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Imagining a Canadian Identity through Sport: A Historical Interpretation of Lacrosse and Hockey

Michael A. Robidoux
The Journal of American Folklore
Vol. 115, No. 456, Folklore in Canada (Spring, 2002), pp. 209-225
DOI: 10.2307/4129220
Stable URL: http://www.jstor.org/stable/4129220
Page Count: 17
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Imagining a Canadian Identity through Sport: A Historical Interpretation of Lacrosse and Hockey
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Abstract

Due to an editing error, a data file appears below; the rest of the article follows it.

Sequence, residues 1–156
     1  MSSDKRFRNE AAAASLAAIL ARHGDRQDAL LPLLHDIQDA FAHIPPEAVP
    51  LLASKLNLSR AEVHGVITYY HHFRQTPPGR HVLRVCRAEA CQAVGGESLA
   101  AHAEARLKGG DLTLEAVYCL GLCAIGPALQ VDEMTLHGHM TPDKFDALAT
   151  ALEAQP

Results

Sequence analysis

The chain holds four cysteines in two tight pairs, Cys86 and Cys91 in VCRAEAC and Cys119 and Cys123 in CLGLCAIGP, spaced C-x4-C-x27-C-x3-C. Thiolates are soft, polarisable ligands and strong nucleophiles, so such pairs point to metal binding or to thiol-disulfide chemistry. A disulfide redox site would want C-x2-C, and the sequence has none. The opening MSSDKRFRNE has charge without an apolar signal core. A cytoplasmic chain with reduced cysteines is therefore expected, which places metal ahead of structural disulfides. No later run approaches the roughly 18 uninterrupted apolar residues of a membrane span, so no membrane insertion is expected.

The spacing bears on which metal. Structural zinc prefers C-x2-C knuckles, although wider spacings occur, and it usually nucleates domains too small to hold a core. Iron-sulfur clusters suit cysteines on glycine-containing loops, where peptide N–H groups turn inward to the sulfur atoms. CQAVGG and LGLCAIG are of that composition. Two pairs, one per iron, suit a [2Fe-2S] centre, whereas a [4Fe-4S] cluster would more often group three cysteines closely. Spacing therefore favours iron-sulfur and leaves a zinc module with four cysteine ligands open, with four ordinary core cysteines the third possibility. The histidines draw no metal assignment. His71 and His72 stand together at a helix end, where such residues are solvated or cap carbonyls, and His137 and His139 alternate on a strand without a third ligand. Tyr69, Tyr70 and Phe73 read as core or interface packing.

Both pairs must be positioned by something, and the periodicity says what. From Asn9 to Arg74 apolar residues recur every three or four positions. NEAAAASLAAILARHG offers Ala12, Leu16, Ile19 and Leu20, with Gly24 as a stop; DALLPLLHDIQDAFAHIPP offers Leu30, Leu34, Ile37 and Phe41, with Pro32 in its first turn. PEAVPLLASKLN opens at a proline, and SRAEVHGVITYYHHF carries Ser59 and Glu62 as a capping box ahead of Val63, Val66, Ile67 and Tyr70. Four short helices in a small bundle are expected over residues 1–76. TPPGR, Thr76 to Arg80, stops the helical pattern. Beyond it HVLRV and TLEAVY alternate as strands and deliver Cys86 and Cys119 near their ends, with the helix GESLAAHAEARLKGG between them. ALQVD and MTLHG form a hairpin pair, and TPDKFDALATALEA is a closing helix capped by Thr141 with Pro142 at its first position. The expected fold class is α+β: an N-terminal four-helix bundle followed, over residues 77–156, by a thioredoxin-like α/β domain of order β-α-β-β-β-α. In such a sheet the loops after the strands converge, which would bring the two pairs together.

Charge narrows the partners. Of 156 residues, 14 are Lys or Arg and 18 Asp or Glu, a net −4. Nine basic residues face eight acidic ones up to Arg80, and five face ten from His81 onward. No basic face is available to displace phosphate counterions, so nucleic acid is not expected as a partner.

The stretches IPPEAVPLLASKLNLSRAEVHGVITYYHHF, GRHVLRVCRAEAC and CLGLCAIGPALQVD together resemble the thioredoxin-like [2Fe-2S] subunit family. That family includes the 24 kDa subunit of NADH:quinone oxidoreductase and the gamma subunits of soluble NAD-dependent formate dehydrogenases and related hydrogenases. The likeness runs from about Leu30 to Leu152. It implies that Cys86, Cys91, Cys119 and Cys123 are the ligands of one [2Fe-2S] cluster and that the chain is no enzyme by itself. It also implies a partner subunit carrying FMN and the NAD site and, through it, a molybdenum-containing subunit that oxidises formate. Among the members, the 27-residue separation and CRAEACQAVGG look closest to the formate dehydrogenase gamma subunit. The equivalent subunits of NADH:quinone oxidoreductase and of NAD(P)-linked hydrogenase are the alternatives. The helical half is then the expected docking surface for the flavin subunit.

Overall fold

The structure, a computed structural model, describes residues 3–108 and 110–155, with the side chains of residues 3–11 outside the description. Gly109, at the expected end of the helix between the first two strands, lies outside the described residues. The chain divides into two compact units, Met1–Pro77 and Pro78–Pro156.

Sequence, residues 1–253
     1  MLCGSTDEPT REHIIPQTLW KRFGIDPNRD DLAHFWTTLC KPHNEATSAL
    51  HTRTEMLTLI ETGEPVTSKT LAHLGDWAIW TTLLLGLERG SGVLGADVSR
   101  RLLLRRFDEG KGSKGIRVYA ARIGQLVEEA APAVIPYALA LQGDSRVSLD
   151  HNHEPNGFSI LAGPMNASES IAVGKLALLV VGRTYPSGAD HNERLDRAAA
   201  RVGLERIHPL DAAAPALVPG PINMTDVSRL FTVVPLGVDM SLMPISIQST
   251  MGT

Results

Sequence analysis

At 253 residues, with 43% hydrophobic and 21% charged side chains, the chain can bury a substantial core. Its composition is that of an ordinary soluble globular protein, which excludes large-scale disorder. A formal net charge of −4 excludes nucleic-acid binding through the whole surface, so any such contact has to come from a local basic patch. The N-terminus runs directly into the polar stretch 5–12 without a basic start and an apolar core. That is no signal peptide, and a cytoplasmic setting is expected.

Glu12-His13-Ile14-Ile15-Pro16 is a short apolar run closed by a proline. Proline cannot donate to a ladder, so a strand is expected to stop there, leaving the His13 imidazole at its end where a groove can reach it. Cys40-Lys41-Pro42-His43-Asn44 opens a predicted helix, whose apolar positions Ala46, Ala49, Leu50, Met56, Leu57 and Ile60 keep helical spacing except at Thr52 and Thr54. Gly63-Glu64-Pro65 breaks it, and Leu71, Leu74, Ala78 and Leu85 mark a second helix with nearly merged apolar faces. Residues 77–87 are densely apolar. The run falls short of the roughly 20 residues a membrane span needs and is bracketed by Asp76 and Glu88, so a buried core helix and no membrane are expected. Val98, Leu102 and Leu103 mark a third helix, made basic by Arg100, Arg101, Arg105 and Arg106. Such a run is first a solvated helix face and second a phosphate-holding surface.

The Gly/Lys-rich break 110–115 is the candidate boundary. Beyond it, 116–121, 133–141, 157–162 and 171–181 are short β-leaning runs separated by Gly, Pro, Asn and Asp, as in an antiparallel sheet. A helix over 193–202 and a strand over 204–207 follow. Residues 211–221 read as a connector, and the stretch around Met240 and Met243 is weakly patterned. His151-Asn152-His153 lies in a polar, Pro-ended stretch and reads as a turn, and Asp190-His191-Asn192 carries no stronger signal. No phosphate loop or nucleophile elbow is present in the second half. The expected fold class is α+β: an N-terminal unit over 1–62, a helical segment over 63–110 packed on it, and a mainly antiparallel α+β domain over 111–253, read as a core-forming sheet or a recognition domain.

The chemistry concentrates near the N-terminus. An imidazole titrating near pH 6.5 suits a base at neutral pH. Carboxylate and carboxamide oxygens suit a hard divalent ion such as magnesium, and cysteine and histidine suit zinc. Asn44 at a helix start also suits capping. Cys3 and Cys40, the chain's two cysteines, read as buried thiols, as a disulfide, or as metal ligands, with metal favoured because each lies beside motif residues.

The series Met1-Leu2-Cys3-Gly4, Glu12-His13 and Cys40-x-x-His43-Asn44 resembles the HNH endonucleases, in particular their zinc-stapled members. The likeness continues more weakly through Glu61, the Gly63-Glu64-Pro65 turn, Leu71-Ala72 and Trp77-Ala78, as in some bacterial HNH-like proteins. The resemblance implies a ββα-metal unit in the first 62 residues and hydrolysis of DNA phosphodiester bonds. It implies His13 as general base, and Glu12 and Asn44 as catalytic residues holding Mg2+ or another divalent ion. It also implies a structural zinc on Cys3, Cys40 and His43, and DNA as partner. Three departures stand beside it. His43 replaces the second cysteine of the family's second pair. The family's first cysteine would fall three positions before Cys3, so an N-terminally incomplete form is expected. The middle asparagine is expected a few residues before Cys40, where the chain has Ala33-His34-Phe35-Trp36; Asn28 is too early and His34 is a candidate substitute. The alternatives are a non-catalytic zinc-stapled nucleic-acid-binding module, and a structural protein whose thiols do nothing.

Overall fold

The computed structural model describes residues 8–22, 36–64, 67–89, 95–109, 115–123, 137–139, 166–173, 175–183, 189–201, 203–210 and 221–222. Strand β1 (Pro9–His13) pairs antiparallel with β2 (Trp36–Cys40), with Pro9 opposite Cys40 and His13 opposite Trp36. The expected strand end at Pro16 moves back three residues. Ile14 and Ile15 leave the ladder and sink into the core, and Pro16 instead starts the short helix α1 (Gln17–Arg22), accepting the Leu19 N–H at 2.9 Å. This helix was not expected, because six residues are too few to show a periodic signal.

Sport in Canada during the late 19th century was intended to promote physical excellence, emotional restraint, fair play, and discipline; yet these ideological principles were consistently undermined by the manner in which Canadians played the game of hockey. This article explores the genesis of violence in hockey by focusing on its vernacular origins and discusses the relevance of violence as an expression of Canadian national identity in terms of First Nations and French Canadian expressions of sport.

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